Originally posted by scghst1
I currently have a 1994 Acura Integra that is the B18 1.8L non V-tec engine. The most modification i have done is remove the power steering and A/C
belts as it frees up horses on the crank. I had a modest 8-10 HP boost from doing so, not much, and probably not worth getting rid of the power
steering, but i have gotten used to it . Aside from that, my other mod i did was put in a cold air intake and put a K&N filter on it. Oh my god was
the difference astounding! All my other friends who have Honda Civics, Del Sols or even some CRX's CANNOT keep up with me whatsoever since i put the
cold air on there coupled with the K&N. Some of my friends even have V-tec in their cars and i still dust them once i start to top out 3rd gear (100~
MPH) and i still have all of 4th to just pull away from them. I would suggest a good Cold Air and catback muffler on your WRX. Maybe get a bigger
turbo for it too.
It's called Torque
Engines are simply air pumps. They simply combine air and gasoline to make power. The more air the more power they create.
This is why turbo charging, which concentrates the air provided to the engine creates considerably more power.
Any and all engines will respond to better air flow and hence the advantages seen by cold air intakes.
I have always made my own, simply by minimizing the myriad of plumbing cars are outfitted with the OEM intakes on cars today which are designed for
quietness and not necessarily for air flow.
The first thing that I do with all of my cars is to remove the resonator. This is just a big box, similar to a muffler used to deaden the sound of the
intake valve clatter of the engine.
This alone straightens out the air flow providing much more air to the intake side of the engine AND is the primary benefit used by the Cold Air
intake systems which charge $100's of dollars for what are essentially merely shortened albeit smoother bending tubes.
The Non VTEC engines, B18B1 had 130lb/ft of torque, slightly more than that of the VTEC engines.
Especially thosed used in the CIVIC VTEC engines such as the B-16's which were only about 111lb/ft of torque.
And due to the B18B1's lower redline, the torque came on sooner. This is where the advantage comes in when racing off the line.
The B18B1's peak torque was reached at 5200 RPM vs the higher revving VTEC B18C1 peak torque which was slightly less coming in at 6200 RPM.
So that would explain why with your cold air intake which is going to provide more torque as well, as why you are tooling on the smaller 1.6L B-16
VTEC guys in their CIVICs.
I owned the original 92 EG Civic with a D16VTEC motor and used to tool on the non VTEC CRX's.
Later I had considered the B18B1 engine as a swap over that of the GSR's engine for this very reason. Also they were more widely available and less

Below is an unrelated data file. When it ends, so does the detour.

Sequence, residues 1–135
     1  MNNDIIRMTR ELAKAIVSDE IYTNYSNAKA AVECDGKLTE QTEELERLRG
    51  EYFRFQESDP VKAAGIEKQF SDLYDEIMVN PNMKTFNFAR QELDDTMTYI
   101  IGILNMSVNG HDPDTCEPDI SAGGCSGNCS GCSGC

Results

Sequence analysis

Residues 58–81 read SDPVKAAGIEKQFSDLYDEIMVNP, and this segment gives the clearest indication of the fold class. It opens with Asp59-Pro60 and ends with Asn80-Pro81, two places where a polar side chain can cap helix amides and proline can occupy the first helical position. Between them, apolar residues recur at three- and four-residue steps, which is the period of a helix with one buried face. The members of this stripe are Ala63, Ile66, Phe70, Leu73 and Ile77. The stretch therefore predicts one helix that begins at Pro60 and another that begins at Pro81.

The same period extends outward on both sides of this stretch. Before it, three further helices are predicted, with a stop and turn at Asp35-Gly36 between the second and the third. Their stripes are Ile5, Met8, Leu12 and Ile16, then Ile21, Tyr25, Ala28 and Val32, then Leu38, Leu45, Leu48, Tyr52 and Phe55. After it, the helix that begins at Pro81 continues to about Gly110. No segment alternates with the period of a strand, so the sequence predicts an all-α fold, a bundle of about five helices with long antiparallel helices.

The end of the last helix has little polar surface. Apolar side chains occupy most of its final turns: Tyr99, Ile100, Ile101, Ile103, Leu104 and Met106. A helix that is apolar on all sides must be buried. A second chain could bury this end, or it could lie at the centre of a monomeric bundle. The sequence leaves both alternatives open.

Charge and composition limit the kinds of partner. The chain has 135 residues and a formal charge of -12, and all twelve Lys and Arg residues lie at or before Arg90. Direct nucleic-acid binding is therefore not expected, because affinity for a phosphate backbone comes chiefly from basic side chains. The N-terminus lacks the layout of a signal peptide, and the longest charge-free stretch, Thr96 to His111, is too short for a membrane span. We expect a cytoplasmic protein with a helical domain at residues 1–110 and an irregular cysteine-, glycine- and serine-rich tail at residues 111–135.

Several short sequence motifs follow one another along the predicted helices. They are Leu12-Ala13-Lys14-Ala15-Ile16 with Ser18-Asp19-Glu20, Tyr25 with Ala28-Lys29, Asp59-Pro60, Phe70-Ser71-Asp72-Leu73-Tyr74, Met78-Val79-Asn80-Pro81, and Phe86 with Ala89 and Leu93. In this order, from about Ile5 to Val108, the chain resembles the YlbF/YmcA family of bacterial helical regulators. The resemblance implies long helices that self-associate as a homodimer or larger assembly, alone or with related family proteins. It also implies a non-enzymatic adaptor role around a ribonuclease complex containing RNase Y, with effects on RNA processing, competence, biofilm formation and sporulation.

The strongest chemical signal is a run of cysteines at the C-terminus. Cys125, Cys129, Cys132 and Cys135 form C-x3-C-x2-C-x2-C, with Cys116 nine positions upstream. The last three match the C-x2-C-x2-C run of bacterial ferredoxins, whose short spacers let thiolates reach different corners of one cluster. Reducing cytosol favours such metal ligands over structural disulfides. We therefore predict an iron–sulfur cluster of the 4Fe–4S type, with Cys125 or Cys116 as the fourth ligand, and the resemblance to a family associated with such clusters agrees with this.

$$$ than the B18C1 engines.
People are continuously disillusioned by HorsePower numbers....a crafty ploy used by Marketeers to sell cars.
Torque as defined in Physics is defined as rotational energy...= Omega x R is the radius.
Horsepower is actually derived from Torque.
Torque, a measure of energy, is actually what is measured at the output of the engine crankshaft and turns the wheels of your car and moving your car
On the street, off the line, Torque is what matters. ON a race track where you're at WOT and at redline, HP does play a more significant role for top
Here's the engine data on the two engines....I used to ponder over this until I solved the dilemma of more power by purchasing the TSX which has a
larger 2.4L VTEC engine solving the low end torque problem of my D16 VTEC Civic.
Glad to hear you're driving a Honda....They are FUN Cars !
From a former BMW, Porsche and VW GTI owner...and currently a TSX owner/driver.
1994-2001 Acura Integra "RS/LS/GS/SE" (DC4/DB7)
1992-1996 JDM Honda Domani (MA5)
1993-1994 JDM Honda Inta (DB7)
1996-1999 JDM Honda Orthia (EL1)
Displacement: 1,834 cc (111.9 cu in)
Bore: 81 mm (3.2 in)
Stroke: 89 mm (3.5 in)
Rod Length: 137.01 mm (5.394")
Rod/Stroke Ratio: 1.54
Power: 142 hp (106 kW) @ 6300 rpm & 130 ft·lbf (180 N·m) @ 5200 rpm
Redline: 6800 rpm (7200 rpm on JDM Domani)
Rev Limit: 7200 rpm
JDM version is marked B18B on the block without any number.
JDM version has a compression 9.4:1 where the usdm version is 9.2:1.
JDM version has a higher compression ratio which results in higher hp and tq levels than the usdm version
1994-2001 USDM Integra GS-R (DC2/DB8)
Displacement: 1,797 cc (109.7 cu in)
Bore: 81 mm (3.2 in)
Stroke: 87.2 mm (3.4 in)
Rod Length: 137.9 mm (5.4 in)
Rod/Stroke Ratio: 1.58
Power: 170 hp (127 kW) @ 7600 rpm
Torque: 128 lb·ft (174 N·m) @ 6200 rpm
Redline: 8100 rpm (Fuel cut-off @ 8200 rpm)
VTEC Engagement @ 4400 rpm
VCIS changeover @ 6000 rpm